Matterofprayer: A Year of Everyday Prayers – Monday, April 3, 2017
God’s Instrument, Alan Paton
Ah, the breadth and depth of this brief excerpt! I can just imagine how deeply touched Alan Paton was by his stirring experience of the almighty God.
The Rev. Alan Paton was a white South African Anglican clergyman who was also an outspoken opponent of apartheid. He had several spiritual mentors (including Dag Hammarskjöld), but his compassionate heart belonged with St. Francis of Assisi and the familiar prayer attributed to him.
“So majestic is [St. Francis’s] conception that one dare no longer be sorry for oneself. This world ceases to be one’s enemy and becomes the place where one lives and works and serves.”  This is preamble, of sorts. This becomes the foundation on which the rest of the excerpt depends. “But in his prayer, [Francis] asks nothing for himself, or perhaps he asks everything, and that is that his whole life, all his gifts, his physical strength, shall be an instrument in God’s hand.”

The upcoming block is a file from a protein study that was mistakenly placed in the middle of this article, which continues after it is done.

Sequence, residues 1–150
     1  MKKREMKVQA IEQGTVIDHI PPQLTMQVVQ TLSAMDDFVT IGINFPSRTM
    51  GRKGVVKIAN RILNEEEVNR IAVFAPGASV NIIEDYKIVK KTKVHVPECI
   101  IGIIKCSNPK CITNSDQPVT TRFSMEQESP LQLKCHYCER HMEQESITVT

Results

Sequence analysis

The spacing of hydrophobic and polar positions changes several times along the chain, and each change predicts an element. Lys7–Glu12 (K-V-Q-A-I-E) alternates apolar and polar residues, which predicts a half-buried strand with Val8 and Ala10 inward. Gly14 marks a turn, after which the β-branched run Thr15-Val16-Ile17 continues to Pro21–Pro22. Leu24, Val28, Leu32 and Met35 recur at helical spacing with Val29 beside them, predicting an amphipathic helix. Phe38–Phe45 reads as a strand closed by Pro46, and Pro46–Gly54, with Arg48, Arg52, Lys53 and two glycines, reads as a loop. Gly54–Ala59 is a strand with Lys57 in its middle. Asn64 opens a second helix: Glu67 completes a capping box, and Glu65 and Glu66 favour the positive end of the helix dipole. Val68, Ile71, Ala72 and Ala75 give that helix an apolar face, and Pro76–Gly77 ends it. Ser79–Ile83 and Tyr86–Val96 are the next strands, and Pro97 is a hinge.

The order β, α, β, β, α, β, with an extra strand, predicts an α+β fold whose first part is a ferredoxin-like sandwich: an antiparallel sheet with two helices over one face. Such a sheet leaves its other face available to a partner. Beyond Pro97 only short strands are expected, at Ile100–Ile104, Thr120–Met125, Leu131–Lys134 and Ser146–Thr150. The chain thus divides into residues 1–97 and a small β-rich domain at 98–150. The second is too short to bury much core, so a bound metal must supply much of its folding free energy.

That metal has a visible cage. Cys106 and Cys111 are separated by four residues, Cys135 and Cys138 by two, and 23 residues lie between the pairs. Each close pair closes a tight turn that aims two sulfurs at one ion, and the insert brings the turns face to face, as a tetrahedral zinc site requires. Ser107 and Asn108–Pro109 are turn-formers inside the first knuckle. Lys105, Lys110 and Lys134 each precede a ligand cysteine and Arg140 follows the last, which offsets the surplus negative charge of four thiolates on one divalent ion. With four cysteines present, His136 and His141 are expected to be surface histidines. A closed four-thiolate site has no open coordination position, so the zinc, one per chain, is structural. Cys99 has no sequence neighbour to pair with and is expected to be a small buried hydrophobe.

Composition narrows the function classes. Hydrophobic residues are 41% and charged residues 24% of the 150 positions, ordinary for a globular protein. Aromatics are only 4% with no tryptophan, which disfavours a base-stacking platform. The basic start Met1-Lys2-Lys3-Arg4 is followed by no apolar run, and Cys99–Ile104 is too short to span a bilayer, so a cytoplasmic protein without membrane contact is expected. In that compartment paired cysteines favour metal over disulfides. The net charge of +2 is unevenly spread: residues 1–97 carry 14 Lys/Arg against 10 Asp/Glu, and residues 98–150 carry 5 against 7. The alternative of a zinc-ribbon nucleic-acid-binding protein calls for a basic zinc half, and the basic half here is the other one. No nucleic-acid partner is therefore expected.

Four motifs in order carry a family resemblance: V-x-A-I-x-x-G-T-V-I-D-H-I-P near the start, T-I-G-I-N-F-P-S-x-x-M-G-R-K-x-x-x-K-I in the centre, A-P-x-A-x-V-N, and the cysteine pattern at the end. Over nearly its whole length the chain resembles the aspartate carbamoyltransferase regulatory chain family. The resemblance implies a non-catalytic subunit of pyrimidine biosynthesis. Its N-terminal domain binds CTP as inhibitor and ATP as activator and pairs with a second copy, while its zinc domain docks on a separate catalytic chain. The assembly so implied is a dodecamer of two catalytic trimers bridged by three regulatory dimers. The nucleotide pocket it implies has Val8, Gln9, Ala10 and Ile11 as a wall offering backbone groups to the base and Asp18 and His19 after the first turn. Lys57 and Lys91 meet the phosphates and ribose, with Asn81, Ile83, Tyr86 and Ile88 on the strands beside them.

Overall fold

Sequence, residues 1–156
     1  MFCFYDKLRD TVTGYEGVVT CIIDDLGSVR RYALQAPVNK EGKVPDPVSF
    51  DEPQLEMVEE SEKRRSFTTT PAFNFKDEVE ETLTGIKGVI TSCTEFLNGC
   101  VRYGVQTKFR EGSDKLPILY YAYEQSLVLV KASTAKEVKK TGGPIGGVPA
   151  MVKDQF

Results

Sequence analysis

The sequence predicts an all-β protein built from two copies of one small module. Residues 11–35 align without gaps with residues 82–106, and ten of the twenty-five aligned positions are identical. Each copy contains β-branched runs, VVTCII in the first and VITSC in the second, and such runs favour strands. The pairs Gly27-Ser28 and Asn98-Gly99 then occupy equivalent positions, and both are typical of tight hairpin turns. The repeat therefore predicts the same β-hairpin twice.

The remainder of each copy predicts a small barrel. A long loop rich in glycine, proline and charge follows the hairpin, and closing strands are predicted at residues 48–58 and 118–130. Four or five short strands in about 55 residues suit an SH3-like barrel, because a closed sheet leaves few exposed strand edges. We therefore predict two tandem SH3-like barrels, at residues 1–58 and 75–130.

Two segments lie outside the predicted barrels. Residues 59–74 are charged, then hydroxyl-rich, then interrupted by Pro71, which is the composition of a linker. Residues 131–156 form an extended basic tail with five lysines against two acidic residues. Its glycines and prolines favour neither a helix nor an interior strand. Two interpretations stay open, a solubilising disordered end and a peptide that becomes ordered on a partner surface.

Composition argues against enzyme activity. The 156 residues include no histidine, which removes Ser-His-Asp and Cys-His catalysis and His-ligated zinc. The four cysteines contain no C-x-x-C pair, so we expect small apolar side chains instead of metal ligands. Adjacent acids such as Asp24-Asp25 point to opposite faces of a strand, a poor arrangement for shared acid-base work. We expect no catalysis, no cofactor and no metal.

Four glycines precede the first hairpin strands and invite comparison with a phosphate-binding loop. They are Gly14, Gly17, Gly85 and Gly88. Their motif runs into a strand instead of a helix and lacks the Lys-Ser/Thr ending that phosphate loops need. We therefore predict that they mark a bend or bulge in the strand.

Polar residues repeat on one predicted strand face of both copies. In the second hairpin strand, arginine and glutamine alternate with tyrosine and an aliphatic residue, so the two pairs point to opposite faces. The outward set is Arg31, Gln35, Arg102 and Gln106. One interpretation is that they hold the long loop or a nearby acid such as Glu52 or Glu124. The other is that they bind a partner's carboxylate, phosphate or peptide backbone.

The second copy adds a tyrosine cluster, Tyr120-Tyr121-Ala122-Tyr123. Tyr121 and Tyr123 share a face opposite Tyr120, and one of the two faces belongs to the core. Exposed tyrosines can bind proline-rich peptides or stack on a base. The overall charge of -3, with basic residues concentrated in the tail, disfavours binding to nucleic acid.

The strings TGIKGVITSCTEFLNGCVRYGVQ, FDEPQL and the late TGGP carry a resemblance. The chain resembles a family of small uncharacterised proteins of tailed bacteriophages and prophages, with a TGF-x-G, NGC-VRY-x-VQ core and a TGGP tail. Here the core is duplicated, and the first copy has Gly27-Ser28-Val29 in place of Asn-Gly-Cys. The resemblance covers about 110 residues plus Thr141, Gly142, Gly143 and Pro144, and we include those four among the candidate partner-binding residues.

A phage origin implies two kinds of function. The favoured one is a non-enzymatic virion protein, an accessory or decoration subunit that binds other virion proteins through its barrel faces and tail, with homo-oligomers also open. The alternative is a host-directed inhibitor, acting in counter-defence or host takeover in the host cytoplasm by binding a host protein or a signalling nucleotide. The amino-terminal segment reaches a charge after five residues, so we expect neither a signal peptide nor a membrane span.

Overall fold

The example of Moses is brought to our attention. Yes, despite adverse conditions, Moses was chosen as God’s spokesman to Pharaoh. He was also directed to lead the people of Israel out of Egypt and around the Sinai region. “The [biblical passage] is full of reassurances to us, some of them startling…. Things might be dark but [believers] are to be the light of the world.” 
Yes, the present world may—indeed—be dark. The group at my area cluster meeting sometimes is in tears concerning the situation of our present world.
“To those who have lost their way, let me restore it to them. To those who are aimless, let me bring purpose….let me teach them that they are the children of God and can be used as His instruments in the never-ending work of healing and redemption.”  Such a heartfelt, humble prayer! Such a marvelous feeling of joining together in peace and brotherhood. Dear Lord, may it be so, we pray.
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 Spiritual Classics, edited by Richard J. Foster and Emilie Griffin. (San Francisco, California: HarperSanFrancisco, 2000), 191.
 Ibid, 193.